Distinguished Astrophysicist to Explore History of the Universe
in Talk at Allegheny College
MEADVILLE, Pa. - February 2008 - Distinguished astrophysicist
Virginia Trimble will give a free public talk titled "Cosmology: Man's
Place in the Universe" at 7:30 p.m. on Wednesday, April 2 in Carr Hall
Auditorium at Allegheny College. The lecture, which is designed for a
broad audience, will outline what scientists currently know about the
history of the universe and its contents.
Trimble, who teaches at the University of California, Irvine,
will be at Allegheny April 1-3 as a Harlow Shapley Visiting
Lecturer in the college's physics department. She holds a
B.A. in physics and astronomy from UCLA, an M.S. in astronomy
and physics from Caltech, an M.A. from Cambridge University
and a Ph.D. in astronomy from Caltech.
"We are certainly delighted to have Virginia Trimble visit
Allegheny," said James Lombardi Jr., associate professor of
physics at the college. "In addition to being a prominent
researcher in astrophysics, she is well known for her ability
to explain scientific discoveries and their broader
implications. Her public talk will provide a wonderful
opportunity for those from the local community to hear and ask
about recent exciting discoveries in cosmology."
Trimble's current scientific interests include the structure
and evolution of stars, galaxies and the universe -- and of
the communities of scientists who study them. Her technical
research is focused on white dwarfs, supernovae, productivity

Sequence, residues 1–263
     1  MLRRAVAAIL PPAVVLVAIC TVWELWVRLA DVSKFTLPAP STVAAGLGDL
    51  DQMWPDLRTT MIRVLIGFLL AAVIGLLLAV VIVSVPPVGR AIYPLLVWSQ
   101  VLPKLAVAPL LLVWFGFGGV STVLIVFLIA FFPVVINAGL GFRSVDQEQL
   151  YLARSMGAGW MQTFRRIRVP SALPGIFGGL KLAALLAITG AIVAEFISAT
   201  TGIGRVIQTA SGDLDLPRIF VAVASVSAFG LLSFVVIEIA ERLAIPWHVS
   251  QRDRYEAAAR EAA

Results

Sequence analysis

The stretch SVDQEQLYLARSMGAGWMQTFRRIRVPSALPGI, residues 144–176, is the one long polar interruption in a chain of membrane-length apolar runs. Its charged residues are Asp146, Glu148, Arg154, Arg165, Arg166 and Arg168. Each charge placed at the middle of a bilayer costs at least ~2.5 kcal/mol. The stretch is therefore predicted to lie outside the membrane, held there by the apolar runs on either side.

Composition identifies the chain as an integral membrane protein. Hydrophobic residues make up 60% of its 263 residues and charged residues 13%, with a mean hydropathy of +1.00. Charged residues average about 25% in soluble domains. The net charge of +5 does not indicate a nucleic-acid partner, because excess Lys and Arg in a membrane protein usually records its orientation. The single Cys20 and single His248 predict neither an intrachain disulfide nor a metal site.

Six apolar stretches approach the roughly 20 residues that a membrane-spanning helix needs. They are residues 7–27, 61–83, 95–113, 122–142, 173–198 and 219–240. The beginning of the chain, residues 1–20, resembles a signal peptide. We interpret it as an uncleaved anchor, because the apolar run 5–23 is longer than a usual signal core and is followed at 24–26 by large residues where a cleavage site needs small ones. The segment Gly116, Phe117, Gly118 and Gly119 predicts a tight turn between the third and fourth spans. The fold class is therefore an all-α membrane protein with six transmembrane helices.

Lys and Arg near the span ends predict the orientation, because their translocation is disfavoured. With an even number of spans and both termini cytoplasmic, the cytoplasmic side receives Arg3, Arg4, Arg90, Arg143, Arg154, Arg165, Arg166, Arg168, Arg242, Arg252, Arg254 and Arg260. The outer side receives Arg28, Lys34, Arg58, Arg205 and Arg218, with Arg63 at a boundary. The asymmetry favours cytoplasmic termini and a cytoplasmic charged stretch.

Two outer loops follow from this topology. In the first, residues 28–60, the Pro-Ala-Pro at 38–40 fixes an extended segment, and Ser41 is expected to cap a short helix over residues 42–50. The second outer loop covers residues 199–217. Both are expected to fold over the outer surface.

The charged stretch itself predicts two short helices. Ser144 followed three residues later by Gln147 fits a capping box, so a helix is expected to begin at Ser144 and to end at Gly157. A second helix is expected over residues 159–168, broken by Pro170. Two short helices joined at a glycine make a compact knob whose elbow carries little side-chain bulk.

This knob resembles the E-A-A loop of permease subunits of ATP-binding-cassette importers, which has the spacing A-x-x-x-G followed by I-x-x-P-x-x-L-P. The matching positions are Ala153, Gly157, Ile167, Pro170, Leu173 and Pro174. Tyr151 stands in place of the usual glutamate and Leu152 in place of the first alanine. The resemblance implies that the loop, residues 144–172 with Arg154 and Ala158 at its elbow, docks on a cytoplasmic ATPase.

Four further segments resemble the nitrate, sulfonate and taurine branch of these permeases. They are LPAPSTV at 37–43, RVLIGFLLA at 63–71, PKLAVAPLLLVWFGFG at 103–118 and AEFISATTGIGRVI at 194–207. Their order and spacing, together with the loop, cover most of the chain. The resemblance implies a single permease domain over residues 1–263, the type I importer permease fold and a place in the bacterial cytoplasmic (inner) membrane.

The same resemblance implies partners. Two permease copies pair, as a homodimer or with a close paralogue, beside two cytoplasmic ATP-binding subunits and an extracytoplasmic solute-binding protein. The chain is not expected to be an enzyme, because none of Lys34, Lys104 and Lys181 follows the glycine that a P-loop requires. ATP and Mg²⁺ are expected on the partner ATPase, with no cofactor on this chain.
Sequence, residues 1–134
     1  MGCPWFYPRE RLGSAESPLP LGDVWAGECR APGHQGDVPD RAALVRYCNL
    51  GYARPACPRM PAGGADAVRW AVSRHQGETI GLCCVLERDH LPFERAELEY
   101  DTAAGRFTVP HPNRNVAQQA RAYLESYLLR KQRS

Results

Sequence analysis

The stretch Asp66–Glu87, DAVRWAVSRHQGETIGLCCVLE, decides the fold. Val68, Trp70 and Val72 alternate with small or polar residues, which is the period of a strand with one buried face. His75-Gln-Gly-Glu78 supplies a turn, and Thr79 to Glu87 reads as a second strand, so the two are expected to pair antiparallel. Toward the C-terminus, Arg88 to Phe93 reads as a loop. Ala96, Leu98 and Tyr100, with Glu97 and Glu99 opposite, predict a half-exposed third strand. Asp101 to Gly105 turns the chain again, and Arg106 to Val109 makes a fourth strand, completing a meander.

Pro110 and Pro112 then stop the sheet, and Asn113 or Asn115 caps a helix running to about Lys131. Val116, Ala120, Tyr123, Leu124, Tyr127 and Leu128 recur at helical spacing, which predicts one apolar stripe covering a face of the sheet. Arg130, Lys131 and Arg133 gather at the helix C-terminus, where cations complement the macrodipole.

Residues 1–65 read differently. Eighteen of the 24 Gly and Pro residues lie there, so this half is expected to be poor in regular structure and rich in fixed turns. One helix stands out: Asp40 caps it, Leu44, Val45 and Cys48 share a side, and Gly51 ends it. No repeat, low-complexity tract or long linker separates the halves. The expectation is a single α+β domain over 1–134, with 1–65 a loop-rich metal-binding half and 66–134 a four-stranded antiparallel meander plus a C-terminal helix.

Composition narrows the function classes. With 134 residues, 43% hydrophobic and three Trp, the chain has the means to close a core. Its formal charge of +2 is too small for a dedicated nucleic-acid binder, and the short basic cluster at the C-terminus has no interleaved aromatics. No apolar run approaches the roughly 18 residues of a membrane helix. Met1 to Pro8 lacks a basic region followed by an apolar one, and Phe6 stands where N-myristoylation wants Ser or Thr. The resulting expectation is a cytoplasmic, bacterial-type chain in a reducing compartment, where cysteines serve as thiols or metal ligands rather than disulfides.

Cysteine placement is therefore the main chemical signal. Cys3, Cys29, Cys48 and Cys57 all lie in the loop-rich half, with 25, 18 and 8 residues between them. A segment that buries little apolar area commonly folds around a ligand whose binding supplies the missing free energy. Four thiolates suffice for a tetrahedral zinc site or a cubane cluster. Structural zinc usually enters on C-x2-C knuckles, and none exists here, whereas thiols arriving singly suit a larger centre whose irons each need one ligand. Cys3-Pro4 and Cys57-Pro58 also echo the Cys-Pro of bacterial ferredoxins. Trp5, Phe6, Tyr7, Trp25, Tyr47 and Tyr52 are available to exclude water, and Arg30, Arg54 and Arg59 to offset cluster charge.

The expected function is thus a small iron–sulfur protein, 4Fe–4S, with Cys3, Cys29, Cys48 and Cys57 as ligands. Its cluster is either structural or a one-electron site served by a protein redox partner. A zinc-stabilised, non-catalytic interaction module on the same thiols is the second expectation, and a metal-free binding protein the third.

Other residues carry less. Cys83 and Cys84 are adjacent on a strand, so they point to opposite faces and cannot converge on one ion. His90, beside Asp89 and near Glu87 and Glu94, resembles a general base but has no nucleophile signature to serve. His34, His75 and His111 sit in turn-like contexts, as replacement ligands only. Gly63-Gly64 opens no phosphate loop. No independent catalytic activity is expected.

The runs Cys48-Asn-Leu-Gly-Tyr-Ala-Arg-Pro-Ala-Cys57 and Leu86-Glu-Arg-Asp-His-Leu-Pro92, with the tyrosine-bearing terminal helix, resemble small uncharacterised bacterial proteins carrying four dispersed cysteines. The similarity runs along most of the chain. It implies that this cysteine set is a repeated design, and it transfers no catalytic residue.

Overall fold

of telescopes and related subjects.
"Human beings come in the middle, the geometric means between
the large scale phenomena of astronomy and cosmology and the
small scale phenomena of nuclear and particle physics, in
scales of length, time and mass," said Trimble in describing
the basis of her talk. "We are here after about 14 billion
years of cosmic evolution, beginning with a hot, dense early
phase (called the Big Bang), out of which emerged stars and
galaxies, the synthesis of nearly all the elements in those
stars, and eventually planets and the potential for
carbon-based life and its evolution.
"In a very general sense, our universe can be described in
terms of only eight constants, four small scale and four large
scale ones; and if even one of those had been very different,
we would not be here to talk about it. The talk will outline
what we currently know about the history of the universe and
its contents and possible meanings of that curious
The author of more than 500 publications, Trimble is past
chair of the Forum on History of Physics of the American
Physical Society and recently completed terms as president of
the Division of Union-Wide Activities of the International
Astronomical Union and chair of the Commission on Astrophysics
of the International Union of Pure and Applied Physics.
Her lecture is sponsored by the American Astronomical Society,
the Allegheny College Department of Physics and the Allegheny
College Astronomy Club. For more information, contact
Professor Lombardi at (814) 332-2975.